IoT Connected Devices Pose Significant Risk to Organizations

Security flaws in connected devices are plaguing the digital landscape, impacting a broad range of industries.

According to data from Forescout, IT devices account for more than three-quarters (78%) of the affected devices, while internet-of-things (IoT) devices comprise 14% of the total vulnerable devices. Operational technology (OT) and internet-of-medical-things (IoMT) devices constitute 6% and 2%.

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Nearly 80% of IT device vulnerabilities are classified as high severity, indicating significant challenges posed to IT teams, as these flaws could potentially lead to devastating attacks.

Although IoMT devices exhibit fewer vulnerabilities, 80% of them are classified as critical, posing significant risks to sensitive medical data and patient safety. More than half of the vulnerabilities found in OT and IoT devices are of a critical nature.

Another concerning trend identified across all industries is the inadequate usage of endpoint protection.

At least 10% of devices equipped with endpoint protection have it disabled, with government and financial services sectors the worst offenders; nearly a quarter of devices in these areas neglect this crucial security measure.

On a more positive note, there is some progress being made in managing risk within the government sector, with the highest risk reduction observed between 2022 and 2023.

However, concerning indicators of compromise (IoCs), such as known malicious IPs and domains, remain prevalent in government networks, accounting for 63% of all IoCs detected.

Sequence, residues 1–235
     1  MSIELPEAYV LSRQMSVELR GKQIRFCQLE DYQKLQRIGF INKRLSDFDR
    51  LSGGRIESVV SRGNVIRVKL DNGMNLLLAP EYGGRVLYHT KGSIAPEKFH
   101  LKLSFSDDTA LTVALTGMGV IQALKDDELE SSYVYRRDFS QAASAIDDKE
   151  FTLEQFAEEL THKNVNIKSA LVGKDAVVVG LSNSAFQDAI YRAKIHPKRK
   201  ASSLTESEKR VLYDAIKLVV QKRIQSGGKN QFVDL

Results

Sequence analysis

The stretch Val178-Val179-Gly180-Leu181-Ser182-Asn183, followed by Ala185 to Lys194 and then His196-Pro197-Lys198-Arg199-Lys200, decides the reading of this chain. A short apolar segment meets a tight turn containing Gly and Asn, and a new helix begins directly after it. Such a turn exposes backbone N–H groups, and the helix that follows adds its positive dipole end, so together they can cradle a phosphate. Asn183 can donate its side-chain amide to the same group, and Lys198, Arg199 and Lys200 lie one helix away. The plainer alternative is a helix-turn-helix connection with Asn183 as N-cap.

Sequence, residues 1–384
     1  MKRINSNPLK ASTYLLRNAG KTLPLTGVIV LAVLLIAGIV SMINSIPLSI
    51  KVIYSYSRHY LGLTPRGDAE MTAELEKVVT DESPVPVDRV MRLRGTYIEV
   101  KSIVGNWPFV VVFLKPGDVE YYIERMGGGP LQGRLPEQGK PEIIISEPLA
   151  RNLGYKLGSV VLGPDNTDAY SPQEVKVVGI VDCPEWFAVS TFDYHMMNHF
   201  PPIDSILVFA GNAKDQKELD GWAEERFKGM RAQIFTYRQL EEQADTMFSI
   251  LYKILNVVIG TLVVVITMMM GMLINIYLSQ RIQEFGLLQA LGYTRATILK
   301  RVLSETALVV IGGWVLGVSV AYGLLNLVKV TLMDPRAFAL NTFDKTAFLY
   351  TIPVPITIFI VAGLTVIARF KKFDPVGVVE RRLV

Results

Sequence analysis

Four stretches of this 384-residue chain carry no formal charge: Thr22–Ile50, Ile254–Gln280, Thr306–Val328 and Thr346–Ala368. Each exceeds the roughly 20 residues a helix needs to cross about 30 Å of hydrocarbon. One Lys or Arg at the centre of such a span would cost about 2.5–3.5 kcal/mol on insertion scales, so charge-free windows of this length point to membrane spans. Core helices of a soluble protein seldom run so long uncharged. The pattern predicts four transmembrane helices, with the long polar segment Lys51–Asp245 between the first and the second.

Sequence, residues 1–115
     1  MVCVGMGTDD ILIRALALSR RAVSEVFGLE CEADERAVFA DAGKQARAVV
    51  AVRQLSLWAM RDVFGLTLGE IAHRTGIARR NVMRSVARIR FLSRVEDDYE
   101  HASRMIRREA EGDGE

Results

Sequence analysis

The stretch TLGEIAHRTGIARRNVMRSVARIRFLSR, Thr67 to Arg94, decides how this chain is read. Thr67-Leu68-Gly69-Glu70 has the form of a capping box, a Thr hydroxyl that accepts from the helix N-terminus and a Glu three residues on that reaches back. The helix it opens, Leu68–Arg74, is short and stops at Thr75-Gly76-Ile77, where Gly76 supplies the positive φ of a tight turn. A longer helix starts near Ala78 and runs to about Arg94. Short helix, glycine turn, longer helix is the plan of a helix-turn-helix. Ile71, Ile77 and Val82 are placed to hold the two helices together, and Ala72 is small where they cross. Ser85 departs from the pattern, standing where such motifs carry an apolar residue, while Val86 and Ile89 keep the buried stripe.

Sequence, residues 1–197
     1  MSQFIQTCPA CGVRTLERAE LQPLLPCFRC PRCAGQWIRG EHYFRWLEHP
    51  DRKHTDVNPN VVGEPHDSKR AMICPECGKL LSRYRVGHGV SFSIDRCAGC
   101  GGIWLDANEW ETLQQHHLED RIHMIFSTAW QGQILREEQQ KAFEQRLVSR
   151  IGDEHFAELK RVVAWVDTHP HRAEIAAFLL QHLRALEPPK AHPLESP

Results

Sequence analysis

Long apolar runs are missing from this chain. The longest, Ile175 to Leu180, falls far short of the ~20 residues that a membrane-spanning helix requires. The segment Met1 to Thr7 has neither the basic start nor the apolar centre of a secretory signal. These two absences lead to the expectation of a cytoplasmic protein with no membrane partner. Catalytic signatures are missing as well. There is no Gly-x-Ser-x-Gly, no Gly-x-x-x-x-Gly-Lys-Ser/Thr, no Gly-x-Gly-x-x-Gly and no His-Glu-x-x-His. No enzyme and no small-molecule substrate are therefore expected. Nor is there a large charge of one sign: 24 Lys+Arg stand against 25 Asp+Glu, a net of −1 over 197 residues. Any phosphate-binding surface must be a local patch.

Health care and financial services sectors also face a considerable number of IoCs at 19% and 8%, respectively.

The report also sheds light on the most exposed devices on the internet, with IT network infrastructure and security appliances topping the list, while IoT devices, particularly IP cameras, are a close second, constituting nearly a quarter (23%) of all IoT devices exposed.

Network attached storage (NAS) and voice over internet protocol (VoIP) devices follow at 7% and 3%.

Office equipment like printers and NAS devices in government (19%) and OT devices in financial services (6%, largely UPS) are also at risk.

Reducing the IoT Attack Surface

Bud Broomhead, CEO at Viakoo, says Forescout deserved kudos for highlighting where organizations need to focus to contain and reduce their attack surface.

“All security teams have resource limitations and, by highlighting the most urgent security threats, Forescout is providing valuable and actionable guidance,” he said. “It’s worth noting that 13 of the 20 riskiest devices are the same as last year.”

He pointed out that while these devices themselves are known to be risky, some fault still lies with organizations that have yet to deploy mechanisms—such as automated remediation and cybersecurity hygiene—that would address those risks.

“Forescout’s analysis brings clarity to the issue of what constitutes organizational risk by reporting on the severity of vulnerabilities and not just the number of them,” Broomhead added.

For example, while IT systems have 78% of vulnerabilities and IoT “only” 14%, the fact that more than half of IoT vulnerabilities are critical helps to focus where remediation efforts need to be taking place.